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View Diary: Obama to reboot his Iraq policy/rhetoric on Wednesday (295 comments)

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  •  Framing is not a vital issue. (9+ / 0-)

    Ending the Iraq war is.  Meta-debates about what we call anti-terrorism efforts are politically stupid, and Edwards has wisely moved towards talking about his substantive policies rather than bumperstickers.

    "[R]ather high-minded, if not a bit self-referential"--The Washington Post.

    by Geekesque on Mon Sep 10, 2007 at 08:17:37 AM PDT

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    •  Thanks - but, IMHO (2+ / 0-)
      Recommended by:
      peace voter, Involuntary Exile

       as long as we, as HRC does, say that the Republlicans are politically (and I guess inferentially, in real terms) stronger on the GWOT then we are playing catchup.

       Part - maybe the largest part - of a Presidential campaign is about changing the framing - showing the electorate a new and brighter vision - one not rooted in the failed language and policies of the status quo.

       How do we do that if we do not start at the very core of the Republican fraud and work from there?

      •  The problem is that Hillary said the (2+ / 0-)
        Recommended by:
        faithfull, ShadowSD

        Republicans are stronger, not that she talked about the GWOT.

        Obsessing over a label makes a candidate seem like he's more interested in confronting Bush's rhetoric than he is in confronting terrorists.

        "[R]ather high-minded, if not a bit self-referential"--The Washington Post.

        by Geekesque on Mon Sep 10, 2007 at 08:31:45 AM PDT

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        •  framing is important (4+ / 0-)
          Recommended by:
          nasarius, Geekesque, Boxer7, dotster

          not "Obsessing over labels", but framing.

          If you missed it, Glenn W. Smith's Rockridge diary The American Tragedy of Our Troops Held Hostage clearly lays it out:

          President Bush is holding our troops hostage and threatening them with death. Here is what he is saying to Congress:

          "Order me out of Iraq, and I will abandon the troops in the field. The blood of your children will be on your hands, not mine."

          Every coffin that comes home shows he means business.

          This is the ugly truth Congress wrestles with but will not name. Congress has been terrorized, like any family whose children are kidnapped and held hostage.

          Vote to stop funding? Vote for an immediate start to withdrawal? American soldiers will die. As they have been dying. Bush knows he can blame Congress and the public's lack of "will" for the continued horror.


          •  I think the important distinction (0+ / 0-)

            is reality vs deception.

            It's more accurate to call our fight against AQ a war than it is to call our attempts to broker a political consensus in Iraq a war.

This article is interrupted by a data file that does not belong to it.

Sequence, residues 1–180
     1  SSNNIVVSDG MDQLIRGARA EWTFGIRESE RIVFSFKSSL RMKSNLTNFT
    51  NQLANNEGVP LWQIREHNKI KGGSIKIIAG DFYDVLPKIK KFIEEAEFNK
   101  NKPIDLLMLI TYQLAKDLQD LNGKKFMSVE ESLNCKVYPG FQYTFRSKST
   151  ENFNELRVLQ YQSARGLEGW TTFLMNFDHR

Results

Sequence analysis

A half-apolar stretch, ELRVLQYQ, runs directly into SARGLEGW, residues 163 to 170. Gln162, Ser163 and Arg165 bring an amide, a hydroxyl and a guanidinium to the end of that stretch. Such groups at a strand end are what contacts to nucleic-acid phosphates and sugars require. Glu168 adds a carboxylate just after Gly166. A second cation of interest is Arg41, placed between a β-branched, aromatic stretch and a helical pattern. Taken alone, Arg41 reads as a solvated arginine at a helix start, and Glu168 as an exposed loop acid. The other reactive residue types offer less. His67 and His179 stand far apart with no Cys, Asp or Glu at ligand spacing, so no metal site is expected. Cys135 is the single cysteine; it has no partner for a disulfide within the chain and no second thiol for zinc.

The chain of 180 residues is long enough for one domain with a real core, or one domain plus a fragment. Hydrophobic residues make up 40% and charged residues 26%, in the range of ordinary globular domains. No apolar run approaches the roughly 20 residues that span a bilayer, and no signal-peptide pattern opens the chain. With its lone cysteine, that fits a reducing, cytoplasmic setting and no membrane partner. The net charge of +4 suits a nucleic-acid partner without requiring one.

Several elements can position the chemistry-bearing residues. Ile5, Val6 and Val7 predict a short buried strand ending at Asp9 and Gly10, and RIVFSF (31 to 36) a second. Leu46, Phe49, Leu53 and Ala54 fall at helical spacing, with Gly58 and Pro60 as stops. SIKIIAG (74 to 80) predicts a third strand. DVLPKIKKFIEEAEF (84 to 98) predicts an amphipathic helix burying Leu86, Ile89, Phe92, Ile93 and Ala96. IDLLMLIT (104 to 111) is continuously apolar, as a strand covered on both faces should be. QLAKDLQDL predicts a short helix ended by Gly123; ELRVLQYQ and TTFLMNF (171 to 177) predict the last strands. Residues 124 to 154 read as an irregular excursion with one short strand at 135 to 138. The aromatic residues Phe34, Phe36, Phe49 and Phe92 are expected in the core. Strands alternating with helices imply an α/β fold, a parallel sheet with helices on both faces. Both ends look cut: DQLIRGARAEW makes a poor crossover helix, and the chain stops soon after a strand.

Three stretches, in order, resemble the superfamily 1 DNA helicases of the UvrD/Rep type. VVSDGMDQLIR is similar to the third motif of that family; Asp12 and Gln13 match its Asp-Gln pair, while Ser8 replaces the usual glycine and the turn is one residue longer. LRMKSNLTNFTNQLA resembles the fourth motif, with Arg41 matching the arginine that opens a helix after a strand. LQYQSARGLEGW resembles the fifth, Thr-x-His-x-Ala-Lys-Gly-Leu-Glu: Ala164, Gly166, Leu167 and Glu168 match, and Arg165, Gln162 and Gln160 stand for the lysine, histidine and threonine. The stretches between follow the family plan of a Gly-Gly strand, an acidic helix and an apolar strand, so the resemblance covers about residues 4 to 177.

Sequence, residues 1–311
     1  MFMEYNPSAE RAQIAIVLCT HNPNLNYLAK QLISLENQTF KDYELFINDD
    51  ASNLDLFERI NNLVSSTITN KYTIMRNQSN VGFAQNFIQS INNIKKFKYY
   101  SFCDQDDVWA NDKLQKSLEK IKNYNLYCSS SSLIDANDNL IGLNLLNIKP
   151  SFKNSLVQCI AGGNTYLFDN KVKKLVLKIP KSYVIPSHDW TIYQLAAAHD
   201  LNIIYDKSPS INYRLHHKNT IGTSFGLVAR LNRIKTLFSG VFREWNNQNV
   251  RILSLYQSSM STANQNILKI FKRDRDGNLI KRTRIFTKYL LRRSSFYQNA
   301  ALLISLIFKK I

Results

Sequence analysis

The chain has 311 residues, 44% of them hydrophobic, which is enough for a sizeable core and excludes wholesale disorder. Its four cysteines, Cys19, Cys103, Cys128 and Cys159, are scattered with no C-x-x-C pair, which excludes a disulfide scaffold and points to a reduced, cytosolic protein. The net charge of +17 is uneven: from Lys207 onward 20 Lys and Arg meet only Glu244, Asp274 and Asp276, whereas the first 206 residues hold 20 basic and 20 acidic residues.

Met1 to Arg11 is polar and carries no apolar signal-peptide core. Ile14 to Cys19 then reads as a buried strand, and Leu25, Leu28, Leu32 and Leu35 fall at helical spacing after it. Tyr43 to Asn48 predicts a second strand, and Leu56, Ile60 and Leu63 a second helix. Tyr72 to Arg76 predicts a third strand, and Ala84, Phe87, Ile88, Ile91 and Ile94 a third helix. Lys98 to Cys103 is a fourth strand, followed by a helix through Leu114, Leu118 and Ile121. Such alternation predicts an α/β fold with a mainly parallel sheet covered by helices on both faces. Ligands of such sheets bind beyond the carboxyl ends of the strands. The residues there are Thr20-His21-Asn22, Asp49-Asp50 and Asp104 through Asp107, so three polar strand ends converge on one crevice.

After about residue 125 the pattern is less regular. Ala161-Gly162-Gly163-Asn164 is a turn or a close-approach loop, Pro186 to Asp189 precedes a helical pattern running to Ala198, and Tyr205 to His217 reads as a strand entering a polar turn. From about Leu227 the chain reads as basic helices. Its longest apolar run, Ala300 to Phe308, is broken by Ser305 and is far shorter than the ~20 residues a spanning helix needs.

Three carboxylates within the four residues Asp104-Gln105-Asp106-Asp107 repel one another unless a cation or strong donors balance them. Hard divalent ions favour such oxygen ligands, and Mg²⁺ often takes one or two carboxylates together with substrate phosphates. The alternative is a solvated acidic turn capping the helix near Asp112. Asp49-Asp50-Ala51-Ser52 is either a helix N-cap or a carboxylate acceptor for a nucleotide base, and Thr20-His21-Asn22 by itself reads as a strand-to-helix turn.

At least in the fight with AQ, there's an actual opponent with whom we are engaged in a struggle which can be measured in success and failure, victory and defeat.

            "[R]ather high-minded, if not a bit self-referential"--The Washington Post.

            by Geekesque on Mon Sep 10, 2007 at 08:48:14 AM PDT

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        •  Actually - in the NH debate (2+ / 0-)
          Recommended by:
          Geekesque, Involuntary Exile

           on June 3rd - moderated by Wolf Blitzer of CNN - this very question was asked of HRC and she said yes - she agreed with Bush and disagreed with Edwards that the Bush framing of the GWOT was right.  Link here;


           Sadly, because of the formats of these debates Sen. Obama did not get to weigh in.  I was not then and am not now being critical of Obama - just curious.

    •  George Lakoff would disagree (6+ / 0-)

      It is time to tell an inconvenient truth about Iraq: it is an occupation, not a war. In wars, armies fight to dominate land. The US won the war three years ago when Bush said, "Mission Accomplished". Then the occupation started, and our troops were not trained or equipped for an occupation under predictably hostile circumstances. Finally getting the courage to tell the truth that the US is an occupying force drastically changes the picture in Iraq. You cannot "win" an occupation. "Cut and run" does not apply to an occupation. Occupiers have to leave; the only question is when and how. Progressive Democrats agree that it should be soon; they only disagree on details. Political courage is called for. Truth now!

      George Lakoff


      •  Meh. Lakoff is overrated. (5+ / 0-)

        'Framing' often times gets substituted and conflated with meaningful policy debates.

        The difference between 'war' and 'occupation' isn't one of framing--it's a fundamental difference on the ground.

        The problem isn't that 'war' is an ineffective frame--it's that it's a misnomer that clouds the reality.

        "[R]ather high-minded, if not a bit self-referential"--The Washington Post.

        by Geekesque on Mon Sep 10, 2007 at 08:37:54 AM PDT

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